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ARCATA: Cooperative Study Examines Survival and Migration Behavior of Coho Salmon in the Klamath River Below Iron Gate Dam
California-Nevada Offices , August 29, 2007
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Automated radiotelemetry receiver site at the confluence of the Salmon and Klamath Rivers.  Photo:Greg Stutzer, 2007
Automated radiotelemetry receiver site at the confluence of the Salmon and Klamath Rivers. Photo:Greg Stutzer, 2007 - Photo Credit: n/a

By Greg Stutzer, Arcata FWO
Since 2005, the Fish and Wildlife Service has worked cooperatively with the U. S. Geological Survey, California Department of Fish and Game, Bureau of Reclamation, and the Karuk and Yurok Tribes of California to determine the extent that spring Iron Gate Dam (IGD) flow regimes affect survivorship of coho salmon smolts during their out-migration.  Survival and migration rates of wild and hatchery-origin radio-tagged juvenile coho salmon are estimated within five index flow reaches located between Iron Gate Hatchery (river kilometer 309) and the Klamath Estuary (river kilometer 13).  We use mark-recapture methods to estimate apparent survival, and time-to-event analysis with Cox’s proportional hazards regression to compare migration rates of hatchery and wild fish to gain insight on factors influencing survival and downstream travel times.

Results of migration analyses in 2006 were similar to those from the 2005 study.  In both years, we found longer travel times from release to the Scott River (rkm 233) than in reaches downstream.  During both years we found discharge to be a significant covariate of migration in this reach and not in others downstream.  The relations between day of the year, water temperature, fish length and travel rate were similar in the first two years of study, with each noting faster downstream travel as these variables increased.  The data from 2006 indicate there are differences between hatchery and wild fish migration behaviors in the upper two reaches (upstream from Indian Creek at rkm 178), but not thereafter.  Fish origin was a significant covariate of travel time through these reaches, with wild fish traveling faster than hatchery fish.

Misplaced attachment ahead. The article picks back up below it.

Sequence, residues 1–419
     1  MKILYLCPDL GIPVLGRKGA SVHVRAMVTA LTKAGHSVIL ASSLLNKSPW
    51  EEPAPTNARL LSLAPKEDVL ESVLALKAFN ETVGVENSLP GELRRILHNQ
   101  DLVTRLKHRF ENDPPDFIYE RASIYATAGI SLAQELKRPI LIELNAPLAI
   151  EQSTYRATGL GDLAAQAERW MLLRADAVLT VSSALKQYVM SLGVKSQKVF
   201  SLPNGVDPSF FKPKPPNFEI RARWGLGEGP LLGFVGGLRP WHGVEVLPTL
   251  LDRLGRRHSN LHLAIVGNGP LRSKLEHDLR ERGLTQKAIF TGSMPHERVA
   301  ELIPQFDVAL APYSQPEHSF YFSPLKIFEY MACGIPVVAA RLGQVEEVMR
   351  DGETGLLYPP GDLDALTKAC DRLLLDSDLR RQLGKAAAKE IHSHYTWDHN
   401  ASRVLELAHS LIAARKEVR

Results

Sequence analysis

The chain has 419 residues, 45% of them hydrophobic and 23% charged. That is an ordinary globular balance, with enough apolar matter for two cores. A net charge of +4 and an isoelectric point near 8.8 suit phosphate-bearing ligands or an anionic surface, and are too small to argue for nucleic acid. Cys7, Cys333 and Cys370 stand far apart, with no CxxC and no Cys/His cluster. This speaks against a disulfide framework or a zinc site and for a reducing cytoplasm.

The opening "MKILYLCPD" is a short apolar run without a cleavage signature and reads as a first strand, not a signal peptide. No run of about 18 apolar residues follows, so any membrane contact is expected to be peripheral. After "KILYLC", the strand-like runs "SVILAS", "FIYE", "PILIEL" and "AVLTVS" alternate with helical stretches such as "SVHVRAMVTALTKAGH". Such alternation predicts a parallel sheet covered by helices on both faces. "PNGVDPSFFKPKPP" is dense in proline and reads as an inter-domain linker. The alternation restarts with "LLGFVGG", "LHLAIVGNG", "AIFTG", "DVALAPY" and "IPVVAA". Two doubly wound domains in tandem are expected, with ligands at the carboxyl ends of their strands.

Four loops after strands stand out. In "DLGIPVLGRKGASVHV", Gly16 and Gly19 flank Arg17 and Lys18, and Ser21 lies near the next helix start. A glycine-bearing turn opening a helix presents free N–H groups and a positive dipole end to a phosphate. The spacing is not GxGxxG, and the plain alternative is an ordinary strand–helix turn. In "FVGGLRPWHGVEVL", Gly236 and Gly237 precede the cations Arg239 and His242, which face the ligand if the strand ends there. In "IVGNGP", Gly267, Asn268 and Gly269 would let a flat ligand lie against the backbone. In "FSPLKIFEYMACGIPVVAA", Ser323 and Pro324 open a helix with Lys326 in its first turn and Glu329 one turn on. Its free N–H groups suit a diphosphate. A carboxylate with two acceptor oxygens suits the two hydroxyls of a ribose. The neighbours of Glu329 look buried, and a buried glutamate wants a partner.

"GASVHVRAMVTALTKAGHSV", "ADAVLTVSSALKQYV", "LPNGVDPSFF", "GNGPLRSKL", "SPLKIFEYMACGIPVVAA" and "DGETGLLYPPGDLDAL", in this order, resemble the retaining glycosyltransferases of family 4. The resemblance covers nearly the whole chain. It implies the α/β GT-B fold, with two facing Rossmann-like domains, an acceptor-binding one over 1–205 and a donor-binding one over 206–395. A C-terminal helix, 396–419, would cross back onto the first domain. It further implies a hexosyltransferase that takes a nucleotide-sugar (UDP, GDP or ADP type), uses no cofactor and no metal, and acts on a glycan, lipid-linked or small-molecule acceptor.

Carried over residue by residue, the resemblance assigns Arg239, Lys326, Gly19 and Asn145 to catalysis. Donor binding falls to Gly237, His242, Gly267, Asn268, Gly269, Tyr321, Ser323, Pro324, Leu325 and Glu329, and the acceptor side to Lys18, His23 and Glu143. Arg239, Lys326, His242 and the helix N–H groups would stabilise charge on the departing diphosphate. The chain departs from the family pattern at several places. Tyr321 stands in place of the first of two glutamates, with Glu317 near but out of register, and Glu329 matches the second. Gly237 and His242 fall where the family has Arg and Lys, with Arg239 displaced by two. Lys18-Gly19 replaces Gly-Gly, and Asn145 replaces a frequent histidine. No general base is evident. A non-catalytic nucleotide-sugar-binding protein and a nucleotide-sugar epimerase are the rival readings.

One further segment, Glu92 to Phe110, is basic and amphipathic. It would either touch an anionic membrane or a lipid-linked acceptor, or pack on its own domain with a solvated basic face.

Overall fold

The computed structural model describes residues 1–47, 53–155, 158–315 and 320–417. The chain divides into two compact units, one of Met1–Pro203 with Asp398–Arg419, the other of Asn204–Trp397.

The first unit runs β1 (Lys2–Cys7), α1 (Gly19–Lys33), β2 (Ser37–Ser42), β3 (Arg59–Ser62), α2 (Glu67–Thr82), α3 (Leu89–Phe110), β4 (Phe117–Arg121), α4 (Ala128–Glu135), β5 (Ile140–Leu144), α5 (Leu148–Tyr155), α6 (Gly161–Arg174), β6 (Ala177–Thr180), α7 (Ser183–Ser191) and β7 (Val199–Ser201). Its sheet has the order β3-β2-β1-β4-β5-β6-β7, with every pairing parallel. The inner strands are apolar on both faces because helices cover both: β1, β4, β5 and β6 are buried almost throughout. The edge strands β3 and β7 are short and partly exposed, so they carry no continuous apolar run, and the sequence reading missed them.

Current data and models indicate little support for a survival difference between hatchery and wild coho salmon in 2006, but considerable model uncertainty exists.  Survival was lower in the reach from Iron Gate Hatchery to the Scott River than in reaches located farther downstream.  The estimate of the overall survival from Iron Gate Hatchery to rkm 33 indicates survival through this section of the Klamath River in 2006 was similar to survival in other rivers.  The survival over this 276 km distance was 0.649, which equates to a survival of 0.855 per 100 km.  The current data suggest survival may not be constant through the various reaches of the Klamath River, but this approach is useful for purposes of comparison.

The 2006 report is currently in peer review and should be finalized and published in the near future.  Additional data were collected from 270 and these data are currently being finalized for analysis.  Our continued efforts to improve our understanding of the relationship between juvenile coho salmon survival and seaward migratory behavior relative to controlled river discharge should aid NOAA Fisheries in developing and implementing appropriate actions in recovery plans.

 

 


Contact Info: Scott Flaherty, , Scott_Flaherty@fws.gov



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